TeliaSonera announces job cuts in Sweden

Swedish-Finnish telecommunications operator TeliaSonera gave notice to 1,200 employees in Sweden on Monday as part of the firm's ongoing "efficiency measures".

TeliaSonera announces job cuts in Sweden

Early last year, the company announced that it would slash 2,900 jobs in total, with the measures expected to result in gross savings of 5 billion kronor ($620 million) “compared to the cost base of 2007”.

TeliaSonera said the move was necessary if the company was to avoid having “higher structural costs than competitors and to be able to continue shifting the product mix to mobility- and IP-based services.”

By the end of the third quarter in 2008, around 1,300 employees in Sweden and Finland had been laid off as part of the company’s efficiency package, according to spokeswoman Cecilia Edström.

Monday’s announcement would primarily affect employees working with the company’s broadband operations, she added.

Edström could not say which parts of the country would be most affected.

“No, I can’t say, but the notice affects all of Sweden,” she said.

Edström was also reluctant to say whether white-collar or blue-collar workers would be hardest hit by the cutbacks.


‘Rotten’ business claims at Nordic TeliaSonera

Swedish-Finnish telecom operator TeliaSonera has been accused of “rotten” business dealings in Azerbaijan, following a separate bribery scandal in Uzbekistan.

'Rotten’ business claims at Nordic TeliaSonera
A TeliaSonera conference in Stockholm last year. Photo: TT

Folksam, which is one of the largest insurance companies in Sweden, has accused the firm of “systematic cheating”, after it emerged that TeliaSonera’s subsidiary in Azerbaijan had ties with the family of Ilham Aliyev, the Arab nation’s leader.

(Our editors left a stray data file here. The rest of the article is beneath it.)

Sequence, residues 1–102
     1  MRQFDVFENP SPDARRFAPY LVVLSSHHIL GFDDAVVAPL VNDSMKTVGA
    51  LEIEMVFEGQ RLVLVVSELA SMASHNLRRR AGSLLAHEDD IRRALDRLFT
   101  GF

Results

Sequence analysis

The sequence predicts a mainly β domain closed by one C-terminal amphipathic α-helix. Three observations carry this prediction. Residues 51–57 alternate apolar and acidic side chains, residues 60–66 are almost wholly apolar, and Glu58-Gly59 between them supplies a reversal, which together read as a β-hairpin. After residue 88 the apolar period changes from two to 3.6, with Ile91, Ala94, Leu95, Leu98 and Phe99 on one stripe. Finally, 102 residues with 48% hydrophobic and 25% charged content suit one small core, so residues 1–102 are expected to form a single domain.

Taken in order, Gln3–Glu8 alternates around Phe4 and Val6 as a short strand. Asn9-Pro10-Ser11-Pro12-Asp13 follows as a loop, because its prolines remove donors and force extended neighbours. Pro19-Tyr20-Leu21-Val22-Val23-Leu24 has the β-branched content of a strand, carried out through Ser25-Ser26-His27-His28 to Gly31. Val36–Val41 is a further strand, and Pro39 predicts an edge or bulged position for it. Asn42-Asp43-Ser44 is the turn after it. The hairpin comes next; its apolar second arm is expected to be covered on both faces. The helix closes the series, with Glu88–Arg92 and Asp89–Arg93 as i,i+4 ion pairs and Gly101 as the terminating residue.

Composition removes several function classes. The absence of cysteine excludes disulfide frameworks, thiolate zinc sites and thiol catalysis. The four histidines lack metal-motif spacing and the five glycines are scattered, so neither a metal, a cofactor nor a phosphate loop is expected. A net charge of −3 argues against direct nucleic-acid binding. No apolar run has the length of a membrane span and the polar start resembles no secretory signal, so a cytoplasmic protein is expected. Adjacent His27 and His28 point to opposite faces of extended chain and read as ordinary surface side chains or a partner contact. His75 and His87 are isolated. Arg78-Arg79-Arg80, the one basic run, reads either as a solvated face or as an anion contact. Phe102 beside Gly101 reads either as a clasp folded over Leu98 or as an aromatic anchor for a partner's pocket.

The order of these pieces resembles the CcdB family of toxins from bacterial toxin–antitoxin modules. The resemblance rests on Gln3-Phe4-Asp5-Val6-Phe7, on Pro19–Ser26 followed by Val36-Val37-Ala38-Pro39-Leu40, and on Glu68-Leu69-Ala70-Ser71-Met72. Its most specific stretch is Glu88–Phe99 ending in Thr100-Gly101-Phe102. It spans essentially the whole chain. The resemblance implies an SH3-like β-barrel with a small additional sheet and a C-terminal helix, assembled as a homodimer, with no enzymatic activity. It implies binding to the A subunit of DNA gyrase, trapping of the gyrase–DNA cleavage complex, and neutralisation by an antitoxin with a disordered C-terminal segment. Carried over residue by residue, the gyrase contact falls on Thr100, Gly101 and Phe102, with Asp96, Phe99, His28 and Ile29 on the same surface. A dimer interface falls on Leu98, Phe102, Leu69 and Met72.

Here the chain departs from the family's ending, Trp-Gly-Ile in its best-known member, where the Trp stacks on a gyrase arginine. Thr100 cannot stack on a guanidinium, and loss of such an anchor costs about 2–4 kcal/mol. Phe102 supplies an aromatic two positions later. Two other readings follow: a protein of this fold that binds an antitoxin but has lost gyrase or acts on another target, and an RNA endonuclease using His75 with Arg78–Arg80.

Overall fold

It has been claimed that the dictator’s daughters were shareholders of TeliaSonera's subsidiary Azertel, via a connected company based in Panama.

“It is distressing that in a large Swedish company…people thought that cheating would pay off in the long run,” Carina Lundberg Markow, one of Folksam’s managers told the TT news agency on Wednesday.

She criticized TeliaSonera for failing to act “in an honest and open way” when entering new markets.

“Instead, they choose to pay for success,” she added.

TeliaSonera is one of the biggest telecom operators in the Nordic and Baltic countries and also operates in several emerging markets in Eurasia including Russia and Turkey, as well as Spain. The Swedish state owns 37.3 percent of the company.

Swedish prosecutor Gunnar Stetler is already investigating claims of unethical business practices in Uzbekistan and told TT he had also been given new information concerning potential bribery in Azerbaijan.

The company has voluntarily cooperated with the investigation, handing over what Stetler describes as “extensive information” about “the terms and conditions in Eurasian countries”.

Stetler said he was unable to discuss how he had responded to the information. But calls are growing for TeliaSonera to release a public report about its business dealings.

“Now it is extremely important to create transparency,” said Lundberg Markow.

“This shows the importance of having a set of values when doing business in complex markets or countries,” she added.

TeliaSonera and Norwegian rival Telenor recently merged their operations in Denmark, while the telecoms giant last year purchased rival Tele2's Norwegian division for 5.1 kronor.